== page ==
The LinkUp Blog The Industry's Best-Kept Secret
Removing salary disclosures helps job seekers win equality
Let’s say you forget to buy your weekly bunch of bananas during your most recent grocery run. Those bananas usually cost 30 cents per pound, but when you decide to go to the store by work to grab them you find they charge $1.50 a pound. Yikes! It’s likely you’ll opt to skip the price hike and go back to get the best deal by swinging through the local store tomorrow.
When you know how little you can pay for something you need, it’s human nature to seek out the best price. This same concept has caused employers to subconsciously wage discriminate for years. For women and minorities, this value-driven mindset pays them pennies on the dollar when compared to most Caucasian men.
One of the easiest ways for companies to get away with wage gouging is by asking during the application process how much professionals have made at their current and previous positions. If an employee states she is paid $20,000 less at her current position than the comparable job for which she’s applying, it’s easy to swoop in and give her a raise to make her happy while all the while paying her less than her colleagues.
Gender-based pay discrimination is illegal, but violations are difficult to prove. Women continue to be paid 79 cents for every dollar that men earn, according to the United States Census Bureau. Whether it’s gender, age, ethnicity or another characteristic, wage gaps persist in virtually every industry.
In an effort to eliminate wage discrimination, Massachusetts just passed a law making it illegal for employers to inquire about applicants’ salaries prior to making a job offer. This is the first state to pass this landmark legislation.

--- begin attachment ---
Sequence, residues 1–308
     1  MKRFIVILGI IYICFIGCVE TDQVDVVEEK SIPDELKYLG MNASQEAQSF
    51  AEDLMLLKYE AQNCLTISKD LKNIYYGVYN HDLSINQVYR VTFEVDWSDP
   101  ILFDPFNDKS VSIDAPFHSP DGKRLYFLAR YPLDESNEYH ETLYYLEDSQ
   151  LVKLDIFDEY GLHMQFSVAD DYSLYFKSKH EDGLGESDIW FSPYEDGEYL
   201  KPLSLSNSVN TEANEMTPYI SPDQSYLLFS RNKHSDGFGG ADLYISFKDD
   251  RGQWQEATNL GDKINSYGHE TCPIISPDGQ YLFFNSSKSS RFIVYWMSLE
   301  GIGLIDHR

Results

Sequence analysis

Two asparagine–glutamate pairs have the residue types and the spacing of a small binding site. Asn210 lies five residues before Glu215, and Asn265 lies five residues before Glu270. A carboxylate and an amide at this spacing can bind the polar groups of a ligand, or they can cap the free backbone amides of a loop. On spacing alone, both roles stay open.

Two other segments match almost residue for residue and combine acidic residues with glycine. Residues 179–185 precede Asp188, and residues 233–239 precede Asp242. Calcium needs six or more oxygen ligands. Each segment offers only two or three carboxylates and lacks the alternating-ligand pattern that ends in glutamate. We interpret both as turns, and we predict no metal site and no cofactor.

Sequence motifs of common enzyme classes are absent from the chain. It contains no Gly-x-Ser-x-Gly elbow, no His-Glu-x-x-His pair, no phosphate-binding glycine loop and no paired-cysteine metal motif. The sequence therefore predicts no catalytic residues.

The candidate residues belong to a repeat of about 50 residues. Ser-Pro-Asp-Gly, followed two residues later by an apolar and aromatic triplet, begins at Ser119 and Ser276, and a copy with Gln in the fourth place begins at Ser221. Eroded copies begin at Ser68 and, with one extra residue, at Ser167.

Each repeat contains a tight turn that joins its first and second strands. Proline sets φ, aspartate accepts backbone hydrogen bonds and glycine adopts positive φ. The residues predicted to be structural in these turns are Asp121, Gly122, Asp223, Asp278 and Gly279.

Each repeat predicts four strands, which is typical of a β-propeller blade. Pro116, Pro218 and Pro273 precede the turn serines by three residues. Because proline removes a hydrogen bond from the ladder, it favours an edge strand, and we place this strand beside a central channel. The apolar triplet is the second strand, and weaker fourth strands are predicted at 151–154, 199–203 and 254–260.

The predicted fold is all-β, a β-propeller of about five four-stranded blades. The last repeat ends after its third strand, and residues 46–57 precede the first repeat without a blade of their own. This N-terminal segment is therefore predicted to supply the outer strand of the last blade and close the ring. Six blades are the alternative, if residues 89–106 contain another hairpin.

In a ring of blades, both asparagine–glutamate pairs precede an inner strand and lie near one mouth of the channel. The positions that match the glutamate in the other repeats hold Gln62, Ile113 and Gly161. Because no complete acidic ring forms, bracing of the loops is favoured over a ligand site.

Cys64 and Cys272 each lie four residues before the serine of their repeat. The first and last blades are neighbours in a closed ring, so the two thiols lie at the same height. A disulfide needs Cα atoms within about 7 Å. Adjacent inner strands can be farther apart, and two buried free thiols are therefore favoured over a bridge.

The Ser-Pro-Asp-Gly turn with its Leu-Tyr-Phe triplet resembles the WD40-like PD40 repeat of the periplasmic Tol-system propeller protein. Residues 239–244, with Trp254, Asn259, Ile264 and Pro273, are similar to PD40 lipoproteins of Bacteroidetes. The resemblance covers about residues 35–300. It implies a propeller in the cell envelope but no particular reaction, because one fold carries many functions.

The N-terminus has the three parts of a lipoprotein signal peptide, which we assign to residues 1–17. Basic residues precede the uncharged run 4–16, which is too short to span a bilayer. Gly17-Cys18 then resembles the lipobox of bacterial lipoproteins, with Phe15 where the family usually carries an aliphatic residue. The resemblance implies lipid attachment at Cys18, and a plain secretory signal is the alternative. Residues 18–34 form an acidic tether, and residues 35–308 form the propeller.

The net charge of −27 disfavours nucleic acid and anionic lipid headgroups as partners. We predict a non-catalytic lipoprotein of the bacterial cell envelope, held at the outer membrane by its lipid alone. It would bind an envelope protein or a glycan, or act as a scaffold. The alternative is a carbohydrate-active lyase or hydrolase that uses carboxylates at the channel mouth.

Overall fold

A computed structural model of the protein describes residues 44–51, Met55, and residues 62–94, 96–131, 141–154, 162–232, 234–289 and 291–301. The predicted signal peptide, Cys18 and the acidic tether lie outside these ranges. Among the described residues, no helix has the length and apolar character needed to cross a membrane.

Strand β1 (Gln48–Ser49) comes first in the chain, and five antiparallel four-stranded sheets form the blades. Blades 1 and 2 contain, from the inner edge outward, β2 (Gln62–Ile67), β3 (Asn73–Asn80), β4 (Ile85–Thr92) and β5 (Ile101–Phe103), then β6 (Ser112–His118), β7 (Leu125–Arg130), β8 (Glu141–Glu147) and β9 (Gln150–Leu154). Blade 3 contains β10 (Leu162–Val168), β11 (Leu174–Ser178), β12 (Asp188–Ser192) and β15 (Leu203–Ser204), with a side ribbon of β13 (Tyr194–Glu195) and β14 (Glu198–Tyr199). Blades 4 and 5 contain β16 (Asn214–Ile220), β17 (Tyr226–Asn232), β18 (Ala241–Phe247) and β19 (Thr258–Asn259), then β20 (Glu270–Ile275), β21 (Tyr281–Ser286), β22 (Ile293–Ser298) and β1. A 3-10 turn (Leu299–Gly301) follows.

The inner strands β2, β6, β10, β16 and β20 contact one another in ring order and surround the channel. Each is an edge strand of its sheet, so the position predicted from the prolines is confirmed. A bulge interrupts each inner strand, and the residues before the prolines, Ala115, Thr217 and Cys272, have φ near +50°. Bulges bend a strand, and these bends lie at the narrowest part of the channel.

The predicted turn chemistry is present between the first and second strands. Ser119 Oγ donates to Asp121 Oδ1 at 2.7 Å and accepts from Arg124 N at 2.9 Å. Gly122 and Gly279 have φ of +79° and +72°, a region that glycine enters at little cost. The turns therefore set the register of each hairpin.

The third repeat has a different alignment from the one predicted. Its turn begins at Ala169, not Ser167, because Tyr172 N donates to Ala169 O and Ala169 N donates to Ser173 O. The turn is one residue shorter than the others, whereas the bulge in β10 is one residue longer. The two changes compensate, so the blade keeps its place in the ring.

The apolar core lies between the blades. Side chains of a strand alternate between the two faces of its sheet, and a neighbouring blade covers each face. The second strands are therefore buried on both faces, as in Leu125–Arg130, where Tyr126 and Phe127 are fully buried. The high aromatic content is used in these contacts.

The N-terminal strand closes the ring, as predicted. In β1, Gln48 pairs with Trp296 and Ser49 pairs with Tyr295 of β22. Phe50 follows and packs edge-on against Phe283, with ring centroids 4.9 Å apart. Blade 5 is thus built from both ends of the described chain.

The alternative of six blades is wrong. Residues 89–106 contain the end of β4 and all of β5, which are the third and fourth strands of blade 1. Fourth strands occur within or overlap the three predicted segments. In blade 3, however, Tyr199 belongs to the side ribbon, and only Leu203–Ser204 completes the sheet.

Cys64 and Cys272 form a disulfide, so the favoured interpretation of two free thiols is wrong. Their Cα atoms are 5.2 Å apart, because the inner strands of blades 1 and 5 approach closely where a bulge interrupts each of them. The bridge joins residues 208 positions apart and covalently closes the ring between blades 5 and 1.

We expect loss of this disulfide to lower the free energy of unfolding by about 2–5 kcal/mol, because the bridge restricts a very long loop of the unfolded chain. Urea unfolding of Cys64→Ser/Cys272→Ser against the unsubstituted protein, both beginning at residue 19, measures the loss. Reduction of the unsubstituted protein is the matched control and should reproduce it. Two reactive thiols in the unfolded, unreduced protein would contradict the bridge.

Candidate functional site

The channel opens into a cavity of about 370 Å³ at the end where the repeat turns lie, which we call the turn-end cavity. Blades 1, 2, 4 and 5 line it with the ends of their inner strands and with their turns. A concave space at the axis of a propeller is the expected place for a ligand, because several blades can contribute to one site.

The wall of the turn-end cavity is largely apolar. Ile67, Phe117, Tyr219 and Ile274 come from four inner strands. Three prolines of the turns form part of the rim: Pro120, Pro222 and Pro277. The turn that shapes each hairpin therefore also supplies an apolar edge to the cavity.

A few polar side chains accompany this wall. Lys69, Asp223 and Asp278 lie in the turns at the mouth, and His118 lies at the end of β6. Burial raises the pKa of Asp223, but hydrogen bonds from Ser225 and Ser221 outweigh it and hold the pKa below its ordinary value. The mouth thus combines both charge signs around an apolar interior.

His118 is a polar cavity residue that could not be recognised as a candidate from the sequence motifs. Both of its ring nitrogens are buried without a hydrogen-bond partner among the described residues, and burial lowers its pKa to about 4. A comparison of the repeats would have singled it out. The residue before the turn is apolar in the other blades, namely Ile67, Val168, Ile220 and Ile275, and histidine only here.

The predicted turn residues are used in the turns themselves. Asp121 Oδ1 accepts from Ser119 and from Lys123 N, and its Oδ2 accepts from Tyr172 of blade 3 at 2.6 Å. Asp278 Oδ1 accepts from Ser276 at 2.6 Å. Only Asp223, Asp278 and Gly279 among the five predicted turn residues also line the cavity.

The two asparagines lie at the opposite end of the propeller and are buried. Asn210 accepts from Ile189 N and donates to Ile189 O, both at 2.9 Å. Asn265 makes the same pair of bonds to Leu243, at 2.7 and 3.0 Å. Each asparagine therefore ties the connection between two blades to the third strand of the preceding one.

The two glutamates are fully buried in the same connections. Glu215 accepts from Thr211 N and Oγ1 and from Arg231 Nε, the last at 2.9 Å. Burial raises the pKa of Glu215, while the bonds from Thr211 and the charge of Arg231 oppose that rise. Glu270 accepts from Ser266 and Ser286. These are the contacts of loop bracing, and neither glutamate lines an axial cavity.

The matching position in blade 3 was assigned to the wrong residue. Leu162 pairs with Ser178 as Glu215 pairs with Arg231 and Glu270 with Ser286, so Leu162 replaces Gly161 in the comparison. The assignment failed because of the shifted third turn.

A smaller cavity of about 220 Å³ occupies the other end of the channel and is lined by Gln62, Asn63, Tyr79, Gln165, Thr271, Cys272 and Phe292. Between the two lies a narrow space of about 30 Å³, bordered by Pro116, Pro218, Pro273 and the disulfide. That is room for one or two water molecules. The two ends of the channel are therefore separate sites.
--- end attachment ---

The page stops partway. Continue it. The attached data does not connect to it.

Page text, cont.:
“The new law will require hiring managers to state a compensation figure upfront — based on what an applicant’s worth is to the company, rather than on what he or she made in a previous position,” reports The New York Times.
Although this law won’t go into effect until July 2018, it’s a noteworthy effort to kill wage discrimination at the hiring level. Plus, it’s a huge relief to job applicants who perpetually wonder if the salary they were offered could have been more if that intrusive question hadn’t existed on the application.
Not only does this law help ensure equal pay, it will produce other gains. First, it will help employers increase employee engagement and loyalty because they are offering all workers a fair wage. It also could help minimize turnover while increasing workforce diversity.
It should help the economy, too, when it comes to the big picture. The New York Times article points out, “Closing the gender wage gap would lower the poverty rates in every state, according to an analysis by the Institute for Women’s Policy Research.”
Other states have laws to help promote equal pay, but none have communicated as clear a message as the new Massachusetts law. Hopefully more states will follow suit in an effort to recognize the importance of equal pay for every worker who makes up the melting pot that is the United States of America.